judgment may vary between decision makers about what is a “badly cracked pavement”
and what constitutes “a small amount of light cracking.” Since no quantitative standards
exist, part of this project was to develop a framework for guidelines that are more
quantitative. The framework is based on the surface condition index (pavement condition
index) as described by Shahin (1994) and the principal investigator’s experience
accumulated while executing both phases of this research project. The result is a set of
guidelines that could be improved with further research, but the guidelines are more
quantitative than the ones developed in Phase One.
Phase Two Refined (Quantitative) Guidelines
The allowable quantity of each type of distress was selected by considering an
appropriate SCI value for given treatments, traffic levels, and distresses. After the SCI
level was selected, a permissible amount of distress was back calculated. Three levels of
traffic were considered:
•
•
•
5,000 AADT. This traffic level was considered because it is typical of a high
volume, two- lane, rural primary highway that may be a candidate for conversion
into a four-lane highway.
2,000 AADT. This traffic level was considered because it represents a transition
from a high volume primary rural highway to a low volume primary rural
highway. Traditionally, Iowa DOT has had different maintenance practices for
highways above and below this traffic level.
200 AADT. This traffic level was considered because it represents a transition
between rural roads that are usually paved to ones that are usually graveled.
The guidelines were developed with the expectation that users will use their judgment
and interpolate or extrapolate to investigate treatment selection for a particular traffic
counts. In general, treatments that are the most appropriate for particular types of distress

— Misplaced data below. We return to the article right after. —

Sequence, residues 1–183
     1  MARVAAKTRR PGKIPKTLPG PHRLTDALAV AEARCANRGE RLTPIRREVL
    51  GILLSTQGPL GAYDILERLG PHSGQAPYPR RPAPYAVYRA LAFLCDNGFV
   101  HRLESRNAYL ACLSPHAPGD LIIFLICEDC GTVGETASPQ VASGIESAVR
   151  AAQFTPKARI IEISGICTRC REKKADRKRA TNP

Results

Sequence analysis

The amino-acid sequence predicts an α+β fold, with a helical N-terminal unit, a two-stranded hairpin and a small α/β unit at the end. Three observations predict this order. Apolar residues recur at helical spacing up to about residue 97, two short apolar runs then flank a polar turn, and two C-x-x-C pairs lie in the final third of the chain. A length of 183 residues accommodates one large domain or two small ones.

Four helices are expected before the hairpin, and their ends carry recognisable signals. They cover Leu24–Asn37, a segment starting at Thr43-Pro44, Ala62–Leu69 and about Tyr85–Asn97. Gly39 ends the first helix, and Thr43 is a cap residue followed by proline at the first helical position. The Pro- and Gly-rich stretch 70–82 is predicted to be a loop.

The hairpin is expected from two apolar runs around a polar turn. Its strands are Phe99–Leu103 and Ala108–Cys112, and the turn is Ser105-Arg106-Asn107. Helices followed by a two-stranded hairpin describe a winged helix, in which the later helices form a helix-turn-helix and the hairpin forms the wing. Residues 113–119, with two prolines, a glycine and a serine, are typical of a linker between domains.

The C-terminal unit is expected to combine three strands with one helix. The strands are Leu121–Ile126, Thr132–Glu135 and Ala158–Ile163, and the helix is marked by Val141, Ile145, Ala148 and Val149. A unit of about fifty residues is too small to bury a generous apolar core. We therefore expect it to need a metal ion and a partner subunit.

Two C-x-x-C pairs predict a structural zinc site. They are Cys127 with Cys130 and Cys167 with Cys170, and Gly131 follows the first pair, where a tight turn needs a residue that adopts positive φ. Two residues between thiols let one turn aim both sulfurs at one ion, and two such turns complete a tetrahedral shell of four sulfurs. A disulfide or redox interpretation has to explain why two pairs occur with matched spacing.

will be recommended at lower SCI values than treatments that are less appropriate.
The guideline for cracks serves as an example. First, notice that the recommended SCI
values for routine maintenance range from 60 to 95, for preventive maintenance range
from 50 to 75, for rehabilitation range from 25 to 60 and for rebuilding range from 0 to
60 (Table 39). It is expected that a TMS will be used for preventive maintenance, so the
expectation is that the SCI value will range from 50 to 75 at the time of treatment.
93
Table 39. SCI Values for Maintenance Activity Types
Maintenance Activity
Routine
Preventive
Rehabilitation
Rebuilding
SCI Value
60– 95
50– 75
25– 60
0–40
Deduct Value
5–40
25– 50
40– 75
60– 100
Table 40 was developed for four surface treatments (micro-surfacing, 1/4- inch seal coat,
1/2-inch seal coat, and double seal coat) and various crack lengths on a 24-foot-wide by
100-foot- long section of roadway. Crack lengths ranged from 300 to 1,500 feet in
increments of 150 feet, except for a final 300- foot increment. SCI and deduct values were
calculated as described by Shahin (1994), with the assumption that light L&T cracking
was the only distress present. Note that Shahin’s method does not provide SCI
calculations for L&T crack lengths that exceed 720 feet (30 percent distress). It may be
that distress densities that exceed this amount are considered block cracking or some
other type of distress in this method; no further explanation was found.
Table 40. Thin Maintenance Surface Guidelines Based on Amount of Cracking and Annual Average
Daily Traffic
Feet of Cracking*
300
450
600
750
900
1,050
1,200
1,500
SCI basis**
80
78
73
71
***
***
***
***
Deduct basis**
20
22
27
29
***
***
***
***
AADT
Micro/slurry
5,000
2,000
200
Seal coat (1/4 inches)
5,000
2,000
200
Seal coat (1/2 inches)
5,000
2,000
200
Double seal coat
5,000
2,000
200
Note: Based on 100 feet of road 24 feet wide.
* Medium intensity cracks require joint sealing or slurry strip repair before surface treatment is placed.
Likely long-term result is two closely spaced light intensity cracks. Therefore, consider 1 foot of medium
intensity crack equal to 2 feet of light intensity crack. High intensity cracks require patching before
treatment is placed. The likely long-term result is two closely spaced light intensity cracks. Therefore,